This Is What’s Most Commonly Included in a Mommy Makeover, According to a Plastic Surgeon 

This Is What’s Most Commonly Included in a Mommy Makeover, According to a Plastic Surgeon  featured image
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For Reno, NV plastic surgeon Tiffany D. McCormack, MD the storied procedure of the Mommy Makeover is one of the most-performed surgeries at her practice. Even though it’s one she does often, she stresses that no two surgeries are alike, and every candidate’s treatment is completely customized, comprehensive and one-of-a-kind from beginning to end.

What makes the best candidate?

“A good candidate is, ideally, someone at or very close to their goal weight after pregnancy, someone who does not plan to have any more children and someone who is in relatively good health without untreated medical conditions. We want someone who’s physically healthy enough to go through the surgery, as well as mentally and emotionally in a good place.

Last but not least, make sure that you have a system set up to help you through the recovery, because it’s literally impossible to recover from a big Mommy Makeover surgery and take care of others (especially kids) at the same time. Some patients will wait until their kids are a little bit older and other people just have really good support systems around them to help them through that time.”

What does recovery typically look like?

“I tell patients that the first few weeks are when you’re at the highest risk for bleeding. That’s your real downtime. During the first two weeks, I tell them not to lift anything heavier than a gallon of milk, don’t do anything that gets your heart rate or blood pressure up, don’t do anything that strains you.

After two weeks, I typically say you can start to resume your normal activities of daily living—but it’s still nothing strenuous. Then, typically around six weeks, they can start to push themselves with exercise or more strenuous work. If they have a desk job, and they had a tummy tuck, I’ll usually recommend about two weeks off of work. If it is just breast surgery, I will recommend about one week off from work. Again, it depends on the nature of the job. If it’s a more strenuous job, then we will extend that time.”

Do most Mommy Makeovers always involve a tummy tuck and some kind of breast procedure?

“Yes, that’s the most common combination. We’ll see some kind of breast work and a tummy tuck, and then the tummy tuck may or may not involve liposuction. The breast work can be really varied. Sometimes, it’s a revision because they already had implants and then the pregnancy can make things look distorted, or they need a breast reduction, or they need a lift or a lift with an implant.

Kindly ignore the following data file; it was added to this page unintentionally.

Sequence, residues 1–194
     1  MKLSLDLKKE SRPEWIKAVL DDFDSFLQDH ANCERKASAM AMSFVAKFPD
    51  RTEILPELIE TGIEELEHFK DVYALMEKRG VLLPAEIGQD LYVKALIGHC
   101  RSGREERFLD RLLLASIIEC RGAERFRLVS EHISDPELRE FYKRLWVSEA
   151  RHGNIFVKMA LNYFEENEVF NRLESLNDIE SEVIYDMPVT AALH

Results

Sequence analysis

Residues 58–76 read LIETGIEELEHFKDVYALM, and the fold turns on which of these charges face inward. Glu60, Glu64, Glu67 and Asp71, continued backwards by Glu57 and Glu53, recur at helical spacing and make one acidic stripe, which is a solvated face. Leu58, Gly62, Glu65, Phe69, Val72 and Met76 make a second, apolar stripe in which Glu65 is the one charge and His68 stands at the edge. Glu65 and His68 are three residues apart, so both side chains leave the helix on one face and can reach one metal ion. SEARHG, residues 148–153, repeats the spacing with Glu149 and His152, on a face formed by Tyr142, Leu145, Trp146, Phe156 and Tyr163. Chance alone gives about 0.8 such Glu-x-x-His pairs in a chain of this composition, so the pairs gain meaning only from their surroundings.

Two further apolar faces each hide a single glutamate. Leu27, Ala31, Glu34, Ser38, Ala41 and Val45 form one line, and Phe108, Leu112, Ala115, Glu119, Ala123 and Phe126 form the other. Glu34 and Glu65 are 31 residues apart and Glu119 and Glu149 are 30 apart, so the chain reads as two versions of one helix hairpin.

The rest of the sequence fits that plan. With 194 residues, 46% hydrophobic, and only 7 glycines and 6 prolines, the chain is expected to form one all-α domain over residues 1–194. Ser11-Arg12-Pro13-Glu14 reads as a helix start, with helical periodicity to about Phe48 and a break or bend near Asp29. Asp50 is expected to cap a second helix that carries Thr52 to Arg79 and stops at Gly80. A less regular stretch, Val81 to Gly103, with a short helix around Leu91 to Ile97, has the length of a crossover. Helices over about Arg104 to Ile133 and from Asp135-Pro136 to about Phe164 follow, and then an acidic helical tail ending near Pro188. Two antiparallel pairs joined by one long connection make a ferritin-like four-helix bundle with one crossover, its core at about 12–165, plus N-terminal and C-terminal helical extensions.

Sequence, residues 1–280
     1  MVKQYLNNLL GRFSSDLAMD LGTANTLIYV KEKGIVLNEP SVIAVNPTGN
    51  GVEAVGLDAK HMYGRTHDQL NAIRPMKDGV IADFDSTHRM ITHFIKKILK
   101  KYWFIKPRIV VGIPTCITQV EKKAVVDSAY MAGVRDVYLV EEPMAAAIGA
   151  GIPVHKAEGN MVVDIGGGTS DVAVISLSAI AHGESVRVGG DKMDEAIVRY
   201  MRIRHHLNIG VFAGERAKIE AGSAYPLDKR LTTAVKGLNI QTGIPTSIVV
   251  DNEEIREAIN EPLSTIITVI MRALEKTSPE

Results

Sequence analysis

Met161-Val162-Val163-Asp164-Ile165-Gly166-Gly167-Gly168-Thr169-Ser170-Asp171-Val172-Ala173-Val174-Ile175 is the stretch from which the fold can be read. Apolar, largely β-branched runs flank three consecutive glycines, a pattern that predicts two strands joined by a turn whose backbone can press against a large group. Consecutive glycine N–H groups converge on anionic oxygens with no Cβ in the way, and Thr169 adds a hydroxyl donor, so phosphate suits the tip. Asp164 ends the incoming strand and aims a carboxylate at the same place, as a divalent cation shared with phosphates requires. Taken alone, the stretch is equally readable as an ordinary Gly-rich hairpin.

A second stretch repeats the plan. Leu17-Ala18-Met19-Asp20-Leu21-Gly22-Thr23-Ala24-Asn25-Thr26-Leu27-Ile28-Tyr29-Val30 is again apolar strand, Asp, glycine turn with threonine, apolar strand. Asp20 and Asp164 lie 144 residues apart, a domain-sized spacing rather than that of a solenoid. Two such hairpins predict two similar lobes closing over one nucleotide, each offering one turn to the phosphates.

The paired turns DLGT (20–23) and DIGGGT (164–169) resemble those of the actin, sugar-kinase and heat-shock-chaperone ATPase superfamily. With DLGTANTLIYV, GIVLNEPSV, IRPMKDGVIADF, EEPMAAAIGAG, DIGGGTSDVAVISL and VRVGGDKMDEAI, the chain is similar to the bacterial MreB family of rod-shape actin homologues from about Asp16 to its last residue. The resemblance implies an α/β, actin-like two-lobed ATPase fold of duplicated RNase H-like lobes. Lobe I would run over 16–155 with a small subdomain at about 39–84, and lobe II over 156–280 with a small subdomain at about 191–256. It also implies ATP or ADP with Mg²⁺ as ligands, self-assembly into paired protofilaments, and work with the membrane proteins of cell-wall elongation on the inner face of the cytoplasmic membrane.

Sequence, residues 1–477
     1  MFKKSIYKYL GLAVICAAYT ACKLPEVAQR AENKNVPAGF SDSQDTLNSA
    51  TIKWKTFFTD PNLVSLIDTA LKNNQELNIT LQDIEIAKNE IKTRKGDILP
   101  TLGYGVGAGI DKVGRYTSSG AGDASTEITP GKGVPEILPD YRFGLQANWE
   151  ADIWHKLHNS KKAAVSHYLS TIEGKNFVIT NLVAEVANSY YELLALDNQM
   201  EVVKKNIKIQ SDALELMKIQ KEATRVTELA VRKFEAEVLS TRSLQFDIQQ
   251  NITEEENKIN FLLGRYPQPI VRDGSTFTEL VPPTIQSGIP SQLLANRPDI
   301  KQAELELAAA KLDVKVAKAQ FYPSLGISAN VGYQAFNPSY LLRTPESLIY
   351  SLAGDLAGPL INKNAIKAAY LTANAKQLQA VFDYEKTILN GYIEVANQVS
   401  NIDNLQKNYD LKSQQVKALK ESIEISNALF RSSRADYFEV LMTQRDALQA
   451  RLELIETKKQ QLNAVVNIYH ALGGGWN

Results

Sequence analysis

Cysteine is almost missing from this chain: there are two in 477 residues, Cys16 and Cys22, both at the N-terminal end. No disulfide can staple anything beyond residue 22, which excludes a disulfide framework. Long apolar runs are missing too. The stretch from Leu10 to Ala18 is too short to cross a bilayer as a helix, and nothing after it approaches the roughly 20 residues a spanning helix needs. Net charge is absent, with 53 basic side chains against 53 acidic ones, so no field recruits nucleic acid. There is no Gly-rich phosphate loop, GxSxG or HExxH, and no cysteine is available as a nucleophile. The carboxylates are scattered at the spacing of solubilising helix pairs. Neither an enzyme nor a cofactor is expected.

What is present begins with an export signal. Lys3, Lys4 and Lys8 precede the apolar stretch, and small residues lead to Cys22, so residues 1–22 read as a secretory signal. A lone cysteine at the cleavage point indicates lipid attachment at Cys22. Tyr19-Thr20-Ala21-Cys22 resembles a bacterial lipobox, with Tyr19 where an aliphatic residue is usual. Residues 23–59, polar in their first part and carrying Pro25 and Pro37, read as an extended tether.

Is there anything patients are surprised about regarding the process from beginning to end?

“Yes, there are a couple things. The great thing about tummy tucks, as opposed to liposuction, is that you’re able to deal with the muscle, the skin, the fat, the fascia. Whereas, with liposuction, you’re just dealing with fat. I’ll often have patients come in—maybe they’ve had a couple kids, their muscles are spread apart, and they have stretchmarks that indicate a loss of elasticity in that area—and ask, ‘Can I just have liposuction?’

We have a full discussion about how liposuction will take away any fat if they have that, but it’s not going to address the skin and the muscle, and it’s just not going to give them the results that they want. 

Similarly, with a breast lift, women will say, ‘I would just like implants.’ If they have ptosis or significant drooping of the breasts then I tell them implants just make what you have bigger. So, if you like where your breasts are sitting and you like the shape of your breast, putting an implant in will just augment that. If you don’t like those things, then we need to do a lift and reshape them or you’re just going to have a bigger version of the saggy shape that you have now. 

With respect to recovery, patients will tell me they have a friend or a relative who had a tummy tuck, and it was the worst pain of her life. We’ve done a lot in my practice to change that. We use EXPAREL, which is a long-acting local anesthetic that lasts for about three days, so we really can numb that area up, including the muscle repair and the incision. We also use the multimodal pain medication approach, so many patients do not require opioids which contribute to nausea, dizziness and constipation. This way, the pain is better controlled, and the entire post-operative experience is improved—it’s completely changed the game.”

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